The University of Southampton
Biological Sciences
Phone:
(023) 8059 4268
Email:
Max.Crispin@soton.ac.uk

Professor Max Crispin MBiochem, DPhil, MRSC, FRSB

Professor of Glycobiology

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Professor Max Crispin joined Biological Sciences from the Glycobiology Institute at the University of Oxford. He runs the Glycoprotein Therapeutics Laboratory which is predominantly focussed on developing anti-viral vaccines and new antibody-based therapies against cancer.

Understanding the structure and function of glycoproteins and how they can be engineered offers exciting routes to the development of new vaccines and therapeutics

Career History

Sept 2017-present: Professor of Glycobiology. University of Southampton, UK.

Oxford Glycobiology Institute, University of Oxford

May 2013-Aug 2017: Principal Investigator, Glycoprotein Therapeutics Laboratory
Dec 2011-Aug 2017: University Research Lecturer
Feb 2009-May 2013: Senior Research Associate, Laboratory of Dr Chris Scanlan

Corpus Christi College, Oxford

Sep 2014-Aug 2017: Stipendiary Lectureship in Biochemistry, Director of Studies (Biochemistry)

Oriel College, Oxford

Feb 2017 - Aug 2017: Senior Dean
Sep 2014 - Aug 2017: Against Breast Cancer Senior Research Fellow
Sep 2008 - Aug 2014: Fellow and Tutor in Biochemistry
Sep 2007 - Aug 2008: Lecturer in Biochemistry, Director of Studies (Biochemistry)

Division of Structural Biology, University of Oxford

Feb 2006 - Feb 2009: Post-doc, Laboratories of Prof. E.Y. Jones FRS & Prof. D.I. Stuart FRS


Academic Qualifications

2001-2005: DPhil in Biochemistry. University of Oxford, UK.

Research

Publications

Contributions

Enterprise

Contact

Research interests

Aim of research

In the Glycoprotein Therapeutics Laboratory we exploit the glycan modifications of proteins in the design of vaccines candidates and glycoprotein-based therapeutics. We have a particular interest in vaccine design against the Human Immunodeficiency Virus (HIV) and in the development of novel antibody-based cancer therapeutics. This involves understanding how glycans impact on protein and viral function, how they are structured, and how we they can be manipulated for therapeutic applications.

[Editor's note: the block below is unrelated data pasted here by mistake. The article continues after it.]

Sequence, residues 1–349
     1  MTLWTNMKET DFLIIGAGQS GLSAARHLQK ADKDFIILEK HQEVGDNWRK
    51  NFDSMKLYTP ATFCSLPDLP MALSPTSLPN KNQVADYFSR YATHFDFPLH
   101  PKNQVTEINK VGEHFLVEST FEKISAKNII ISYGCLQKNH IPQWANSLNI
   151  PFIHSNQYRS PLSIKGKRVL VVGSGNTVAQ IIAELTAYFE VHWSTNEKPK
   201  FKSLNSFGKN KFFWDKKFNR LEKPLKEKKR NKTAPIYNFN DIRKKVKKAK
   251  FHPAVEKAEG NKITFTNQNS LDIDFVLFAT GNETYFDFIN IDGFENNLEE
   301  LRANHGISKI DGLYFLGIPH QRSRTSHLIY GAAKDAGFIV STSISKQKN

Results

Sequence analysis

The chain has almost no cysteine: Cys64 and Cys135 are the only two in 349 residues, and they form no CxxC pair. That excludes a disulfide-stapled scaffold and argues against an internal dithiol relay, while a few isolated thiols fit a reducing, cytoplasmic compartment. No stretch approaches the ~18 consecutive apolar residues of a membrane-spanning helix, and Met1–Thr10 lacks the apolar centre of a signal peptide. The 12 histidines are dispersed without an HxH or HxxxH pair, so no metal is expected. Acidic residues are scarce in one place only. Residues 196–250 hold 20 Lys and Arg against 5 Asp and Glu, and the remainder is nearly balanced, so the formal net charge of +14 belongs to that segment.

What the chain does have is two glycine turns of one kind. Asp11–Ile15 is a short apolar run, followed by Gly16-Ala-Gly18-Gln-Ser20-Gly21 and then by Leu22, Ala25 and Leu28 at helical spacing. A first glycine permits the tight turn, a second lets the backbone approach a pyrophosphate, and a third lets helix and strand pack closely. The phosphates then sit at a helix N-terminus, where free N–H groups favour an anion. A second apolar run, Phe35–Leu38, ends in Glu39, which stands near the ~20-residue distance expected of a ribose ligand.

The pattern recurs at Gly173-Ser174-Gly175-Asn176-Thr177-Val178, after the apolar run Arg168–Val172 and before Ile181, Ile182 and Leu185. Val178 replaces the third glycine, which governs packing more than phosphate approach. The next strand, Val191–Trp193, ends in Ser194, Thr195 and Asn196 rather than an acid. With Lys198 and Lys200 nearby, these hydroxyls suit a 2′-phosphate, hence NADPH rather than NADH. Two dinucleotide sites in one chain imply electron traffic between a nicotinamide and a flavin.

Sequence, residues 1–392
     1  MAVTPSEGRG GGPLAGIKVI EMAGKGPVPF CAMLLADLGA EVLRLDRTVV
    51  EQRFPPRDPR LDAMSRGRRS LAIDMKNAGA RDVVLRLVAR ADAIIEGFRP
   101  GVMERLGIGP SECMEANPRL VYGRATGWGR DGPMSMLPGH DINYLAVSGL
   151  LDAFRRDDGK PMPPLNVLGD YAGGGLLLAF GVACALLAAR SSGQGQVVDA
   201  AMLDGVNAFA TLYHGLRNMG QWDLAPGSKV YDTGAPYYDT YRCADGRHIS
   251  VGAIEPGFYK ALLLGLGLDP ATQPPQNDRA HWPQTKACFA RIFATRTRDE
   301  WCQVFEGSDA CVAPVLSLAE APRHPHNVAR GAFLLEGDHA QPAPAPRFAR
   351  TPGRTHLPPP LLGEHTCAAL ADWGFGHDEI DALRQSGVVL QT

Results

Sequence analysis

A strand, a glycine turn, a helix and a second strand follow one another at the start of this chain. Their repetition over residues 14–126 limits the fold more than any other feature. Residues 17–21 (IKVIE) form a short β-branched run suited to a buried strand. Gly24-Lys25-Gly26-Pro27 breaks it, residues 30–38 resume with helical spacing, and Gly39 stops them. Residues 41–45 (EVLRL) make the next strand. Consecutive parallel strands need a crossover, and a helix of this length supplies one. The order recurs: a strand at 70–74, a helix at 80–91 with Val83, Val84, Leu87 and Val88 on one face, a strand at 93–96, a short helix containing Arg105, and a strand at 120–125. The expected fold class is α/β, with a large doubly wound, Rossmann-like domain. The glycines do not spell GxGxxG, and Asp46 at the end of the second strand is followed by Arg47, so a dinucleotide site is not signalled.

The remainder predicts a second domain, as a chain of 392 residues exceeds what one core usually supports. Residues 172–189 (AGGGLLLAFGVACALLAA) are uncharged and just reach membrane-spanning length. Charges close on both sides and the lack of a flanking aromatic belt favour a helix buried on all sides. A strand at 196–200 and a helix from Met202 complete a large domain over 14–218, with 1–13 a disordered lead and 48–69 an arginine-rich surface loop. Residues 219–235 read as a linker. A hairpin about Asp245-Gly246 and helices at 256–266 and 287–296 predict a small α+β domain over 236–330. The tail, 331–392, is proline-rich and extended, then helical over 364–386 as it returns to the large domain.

HIV immunogen design

Our work towards an HIV vaccine is based on targeting the carbohydrate coat of HIV that shields the virus. We have shown that this shield is different from normal “self” carbohydrates and is remarkably constant despite huge variation in the underlying protein. We have been investigating using microbial mimics of this shield to elicit antibodies that can protect against the virus.

Antibody therapeutics

Antibodies are incredibly versatile therapeutics and can exhibit both pro- and anti-inflammatory properties. For this reason, they are being applied to the treatment of conditions ranging from cancers to autoimmune disorders. Anti-cancer antibodies often rely on the recruitment of the immune system to cancerous cells through a constant region of the antibody termed the Fc region. We have structurally characterized how different glycans can impact on Fc structure and how they can be manipulated to fine-tune antibody effector functions. In addition, we are developing bispecific antibodies and a new approach for enhancing therapeutic antibodies against cancer that involves deactivating competing endogenous antibodies that can limit the potency of anti-cancer antibodies. We are very proud to be sponsored by Against Breast Cancer.

 The fine structure of the glycan shiled of the viral spike of a recombinant mimic of the Human Immunodeficiency Virus (HIV).
Glycan shiled of the viral spike of a recombinant mimic of HIV

The fine structure of the glycan shiled of the viral spike of a recombinant mimic of the Human Immunodeficiency Virus (HIV). The glycans act to sheiled the virus from the host immune reponse but can be targeted by some individuals who develop broadly neutralysing antibodies. Therefore, much effort is being made in trying to develop vaccines candidates that contain glycans that mimic those found on the virus. The high density limits the natural processing of glycans from oligomannose structures (green) to complex-type glycans (pink). Left: The processing state of the individuals has been depicted on a model of the glycosylated trimeric spike. Middle: The trimeric structure limits processing and leads to an elevation of oligomannose-type glycans at the protomer interface. Right: the ‘mannose patch’ of HIV can be described as being composed of both an ‘intrinsic mannose patch’ where oligomannose glycans appear even when monomeric subunits are expressed in isolation, and a ‘trimer-associated mannose patch’ that is driven by the trimer structure.

Research group

Molecular and Cellular Biosciences

Affiliate research group

Institute for Life Sciences (IfLS)

Articles

Letters/Editorials

Reviews

Book Chapters

Professional Affiliations

Professor Adjunct, Department of Immunology and Microbiology, The Scripps Research Institute, California, USA
Fellow of the Royal Society of Biology

Professor Crispin founded Immago Biosystems Ltd with Chris Scanlan in 2013. They invented a method to boost the cell killing activity of antibody-based cancer therapeutics. This has subsequently been shown to be effective in a variety of model systems including in human sera (ex vivo). Immago was subsequently acquired by Hansa Medical in 2016.

Professor Crispin performs consultancy for a range of biotechnology and legal firms principally in the area of glycoprotein-based therapeutics.

Professor Max Crispin
Biological Sciences
Faculty of Natural & Environmental Sciences
Life Sciences Building 85
University of Southampton
Highfield Campus
Southampton
SO17 1BJ

Room Number:85/3047

Telephone:(023) 8059 4268
Email:Max.Crispin@soton.ac.uk


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